Two African-American men, a Hispanic woman, a Hmong Asian-American woman, a Palestinian woman, two White women, and two White men sit in a room.
It could be a small group in any college in America, but in this case, the group has been brought together to form a hot mess of diversity prepared to engage — if they only knew how. In Lee Mun Wah’s new film, “If These Halls Could Talk,” the filmmaker explores the process of the group’s unlayering. Members peel back the distrust that’s built up in their lives in order to see each other in a true light for the first time and to experience the real payoff of diversity of any kind: a real heart-felt conversation with a person different from oneself.
No wonder such real conversations don’t happen in real life more spontaneously. As the film shows, it takes real work, essentially a therapy session led by Lee, 65, a trained psychologist and diversity trainer, who in a Zen-like way steers the discussion.
True to its title, if the halls of colleges across America could talk, they might reveal the yearning students have to connect diversity’s dots. Students want real connections, real conversations but too often settle for the superficial. They are cordial but content to walk on by each other as if diversity were a parade and campus life a charade.
It all makes for an artfully disguised teaching tool for educators, intended as a tool for the classroom. At times, the film has the look of MTV’s “Real World.” But that show is as real as yesterday’s eyelashes, a program about pretty people in extravagant places for the purposes of fake narratives and sexy conflicts.
Lee’s film, however, gathers real people and makes them live four days of summer on a ranch-style retreat in Ukiah, a remote part of Northern California. He gets them to talk to each other like they never would in public.
The sessions yielded more than a dozen hours of group sessions on video that Lee has assembled for a series of films to be released during the next few years. Parts 1 and 2, which debuted in Chicago in early November, are introductory by design. But there are little gems in the film, moments that will strike a chord with educators and other audience members who get to be a “fly on the wall” as the discussions unravel.
We first meet Jonathan Henderson, 20, an African-American from Oceanside, Calif., at Mira Costa College in California. He also is president of the Black Student Union. His answers are cool and perfunctory to a point. Then come tears once he and the others realize they’ve never had such candid conversations like these, and he’s scared.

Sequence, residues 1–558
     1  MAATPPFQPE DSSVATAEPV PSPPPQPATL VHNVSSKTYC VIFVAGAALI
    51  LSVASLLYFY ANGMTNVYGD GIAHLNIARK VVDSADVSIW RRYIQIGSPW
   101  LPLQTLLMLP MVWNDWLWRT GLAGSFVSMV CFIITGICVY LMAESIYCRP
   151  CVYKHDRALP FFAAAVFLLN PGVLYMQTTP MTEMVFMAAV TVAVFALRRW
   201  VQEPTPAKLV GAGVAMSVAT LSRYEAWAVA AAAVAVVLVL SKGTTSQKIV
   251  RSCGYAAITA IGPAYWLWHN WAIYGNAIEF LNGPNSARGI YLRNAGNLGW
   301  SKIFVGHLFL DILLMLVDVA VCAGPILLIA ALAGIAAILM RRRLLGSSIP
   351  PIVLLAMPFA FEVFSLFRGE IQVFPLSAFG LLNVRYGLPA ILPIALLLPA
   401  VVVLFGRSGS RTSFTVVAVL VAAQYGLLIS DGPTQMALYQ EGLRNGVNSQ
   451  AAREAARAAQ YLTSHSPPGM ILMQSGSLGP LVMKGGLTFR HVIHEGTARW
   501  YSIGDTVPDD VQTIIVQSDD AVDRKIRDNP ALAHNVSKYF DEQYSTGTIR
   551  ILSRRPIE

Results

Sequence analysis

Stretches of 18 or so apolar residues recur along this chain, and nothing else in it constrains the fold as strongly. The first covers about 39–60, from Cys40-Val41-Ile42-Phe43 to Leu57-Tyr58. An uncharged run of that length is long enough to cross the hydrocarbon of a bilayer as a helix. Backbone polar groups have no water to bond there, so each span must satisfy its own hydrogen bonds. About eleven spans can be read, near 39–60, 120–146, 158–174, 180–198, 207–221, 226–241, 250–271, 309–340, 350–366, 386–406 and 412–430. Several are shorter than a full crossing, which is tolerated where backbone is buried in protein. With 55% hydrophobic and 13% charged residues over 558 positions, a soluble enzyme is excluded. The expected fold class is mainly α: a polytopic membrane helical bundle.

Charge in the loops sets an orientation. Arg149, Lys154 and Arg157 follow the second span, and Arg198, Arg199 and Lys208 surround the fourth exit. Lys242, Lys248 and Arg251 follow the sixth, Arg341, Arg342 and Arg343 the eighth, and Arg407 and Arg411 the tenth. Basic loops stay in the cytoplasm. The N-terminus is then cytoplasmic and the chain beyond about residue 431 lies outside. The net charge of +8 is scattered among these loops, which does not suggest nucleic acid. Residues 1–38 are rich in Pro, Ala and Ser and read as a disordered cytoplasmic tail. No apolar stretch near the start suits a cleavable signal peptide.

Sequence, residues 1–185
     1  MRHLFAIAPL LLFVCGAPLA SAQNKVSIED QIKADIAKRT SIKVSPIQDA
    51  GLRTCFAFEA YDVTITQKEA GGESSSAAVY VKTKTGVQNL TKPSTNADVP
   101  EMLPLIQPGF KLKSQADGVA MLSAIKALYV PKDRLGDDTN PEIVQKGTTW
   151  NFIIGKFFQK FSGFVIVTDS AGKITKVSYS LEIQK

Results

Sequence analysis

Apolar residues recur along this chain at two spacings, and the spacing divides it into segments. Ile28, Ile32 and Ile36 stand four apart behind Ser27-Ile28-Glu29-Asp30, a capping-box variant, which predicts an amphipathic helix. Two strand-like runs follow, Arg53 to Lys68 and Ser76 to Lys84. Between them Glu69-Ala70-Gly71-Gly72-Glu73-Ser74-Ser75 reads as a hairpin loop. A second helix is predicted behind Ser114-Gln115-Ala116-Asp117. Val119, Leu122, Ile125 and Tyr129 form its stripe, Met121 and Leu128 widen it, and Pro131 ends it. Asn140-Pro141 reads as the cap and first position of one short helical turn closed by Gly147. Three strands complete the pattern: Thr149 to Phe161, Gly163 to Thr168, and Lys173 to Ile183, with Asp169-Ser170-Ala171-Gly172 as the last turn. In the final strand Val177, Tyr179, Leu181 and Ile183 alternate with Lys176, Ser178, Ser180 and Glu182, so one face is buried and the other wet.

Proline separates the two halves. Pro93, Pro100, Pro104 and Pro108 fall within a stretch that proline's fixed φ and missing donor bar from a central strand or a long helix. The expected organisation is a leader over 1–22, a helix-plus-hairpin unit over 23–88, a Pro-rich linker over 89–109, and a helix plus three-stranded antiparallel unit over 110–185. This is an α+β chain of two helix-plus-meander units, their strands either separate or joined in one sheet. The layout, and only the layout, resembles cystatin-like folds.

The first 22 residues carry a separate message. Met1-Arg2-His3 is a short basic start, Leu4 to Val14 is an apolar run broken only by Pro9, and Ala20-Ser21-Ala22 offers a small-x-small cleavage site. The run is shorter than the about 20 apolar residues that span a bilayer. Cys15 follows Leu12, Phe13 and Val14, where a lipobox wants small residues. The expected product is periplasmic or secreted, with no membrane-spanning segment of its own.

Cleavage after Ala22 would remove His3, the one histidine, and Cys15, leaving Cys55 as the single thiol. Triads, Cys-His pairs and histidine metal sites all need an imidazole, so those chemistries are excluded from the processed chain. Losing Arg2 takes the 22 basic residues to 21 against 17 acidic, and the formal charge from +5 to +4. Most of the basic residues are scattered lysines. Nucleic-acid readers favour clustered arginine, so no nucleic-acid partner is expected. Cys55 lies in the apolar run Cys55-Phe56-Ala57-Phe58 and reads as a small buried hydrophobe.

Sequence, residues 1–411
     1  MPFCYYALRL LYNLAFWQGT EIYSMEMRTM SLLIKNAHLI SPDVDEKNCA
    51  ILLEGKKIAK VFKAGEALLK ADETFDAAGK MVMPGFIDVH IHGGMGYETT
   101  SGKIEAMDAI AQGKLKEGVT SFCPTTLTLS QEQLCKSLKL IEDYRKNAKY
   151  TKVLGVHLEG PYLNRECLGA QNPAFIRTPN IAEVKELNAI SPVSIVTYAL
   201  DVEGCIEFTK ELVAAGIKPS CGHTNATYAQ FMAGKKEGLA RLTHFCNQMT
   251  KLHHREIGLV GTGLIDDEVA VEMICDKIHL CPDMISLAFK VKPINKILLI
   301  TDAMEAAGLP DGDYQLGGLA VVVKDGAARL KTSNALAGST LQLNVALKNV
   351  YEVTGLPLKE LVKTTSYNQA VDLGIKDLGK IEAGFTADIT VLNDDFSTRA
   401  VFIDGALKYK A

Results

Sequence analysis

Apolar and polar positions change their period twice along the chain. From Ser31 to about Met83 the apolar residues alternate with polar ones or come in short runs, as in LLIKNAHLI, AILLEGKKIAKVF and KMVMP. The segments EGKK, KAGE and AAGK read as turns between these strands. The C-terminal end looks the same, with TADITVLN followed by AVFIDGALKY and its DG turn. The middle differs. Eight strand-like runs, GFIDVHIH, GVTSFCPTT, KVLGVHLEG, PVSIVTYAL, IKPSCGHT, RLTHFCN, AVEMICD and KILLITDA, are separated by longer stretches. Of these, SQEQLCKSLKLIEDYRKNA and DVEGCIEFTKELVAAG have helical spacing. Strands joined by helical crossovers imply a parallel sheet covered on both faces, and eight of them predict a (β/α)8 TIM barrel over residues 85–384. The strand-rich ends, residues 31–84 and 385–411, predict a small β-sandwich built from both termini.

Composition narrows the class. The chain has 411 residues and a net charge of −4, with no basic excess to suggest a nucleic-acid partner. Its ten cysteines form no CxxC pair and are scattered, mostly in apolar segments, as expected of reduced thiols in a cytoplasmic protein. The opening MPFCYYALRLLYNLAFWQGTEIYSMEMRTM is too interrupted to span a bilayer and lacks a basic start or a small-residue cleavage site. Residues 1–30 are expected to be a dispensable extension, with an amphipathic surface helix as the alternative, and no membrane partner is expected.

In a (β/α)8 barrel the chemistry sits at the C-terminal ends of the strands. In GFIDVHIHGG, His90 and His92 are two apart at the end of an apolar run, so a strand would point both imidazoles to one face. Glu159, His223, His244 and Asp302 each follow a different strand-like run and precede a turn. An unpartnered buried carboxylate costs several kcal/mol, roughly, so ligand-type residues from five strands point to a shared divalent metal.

There’s Vera Salayma, 25, a graduate student in journalism at the University of Colorado in Boulder who gets angrier as the film progresses. She’s a young Palestinian woman who was seen as hot and exotic when she first came to America. But when she returned from the Middle East wearing the hijab, the traditional headdress of Muslim women, she noticed how she was treated as if she were a terrorist.
“[America] is the most racist place I’ve been to,” says Salayma, whose understanding of the issues run deep. Her cousin was killed by a suicide bomber. She loves her Islamic faith and understands that there are radicals who fuel the stereotypes about Islam that she hears when she wears her veil. “I’m not some crazy fanatic,” she says. “I am a human being.”
But she tells how she stopped trying to reach out to others when she found that even her best and most sympathetic teacher in college was ignorant of her Islamic culture.
Maivi Ntxhlav Sia Yaj Yang, a Hmong Asian-American, was Salayma’s loud ally in the group. A student at the University of Wisconsin-Stout and the first in her family to go to college, she’s become the role model for her family and also for the teachers she encounters. They have no idea of the Hmong experience, and it leaves Sia without the guidance she deserves. “It hurts when you don’t have that,” she says. Teachers mistakenly place the successful Asian stereotype on her, thinking her life is close to the Chinese experience and not the Hmong, who came to America as refugees.
Isolated, Sia says she succeeds not because she is smart, but because she studies hard and focuses on her studies.
Perhaps the most touching story is from Joe Rogers, a student at Butte College in Chico, Calif. He makes sure people know it’s Rogers without the “d.” That’s Portuguese, he says. The “g” only Rogers is Scots Irish, he says proudly.
Joe knows who he is, but he also has a secret: He has AIDS.
“It’s a nightmare, a living bloody nightmare,” he says. It terrifies him to know that his immune system is so compromised that having the flu could kill him.
The others react with encouragement and support for the isolation Joe feels for being gay and having AIDS.
But it’s Joe who crosses the trust bridge. He despises “heterosexual privilege,” but knows he has his own tolerance issues.
He recalled seeing a young Black man and then crossing the street out of fear. Joe used to say he wasn’t racist, but realized that indeed he was. And now he finds himself forced to “unlearn the racism.”
The premiere DVD ends with Will Syldor, an African-American from UMass, who, like the others, is encouraged but still hesitant.
“I think the issue is all of our pains and hurts are tied together,” he said. “And there’s like a white sheet over that, and no one talks about that.” He talked about a wall that comes up when the talk comes to race, religion or sexuality. “We can’t have that conversation,” he said.
Maybe not yet. But they do.
“I was surprised by their wisdom, their honesty, their vulnerableness, and our shared sadness of how little we have traveled in the area of diversity after all these years,” Lee said.
Lee promises at least two parts a year from the group’s conversation, which in the end will show the world what a real conversation on diversity might actually look like.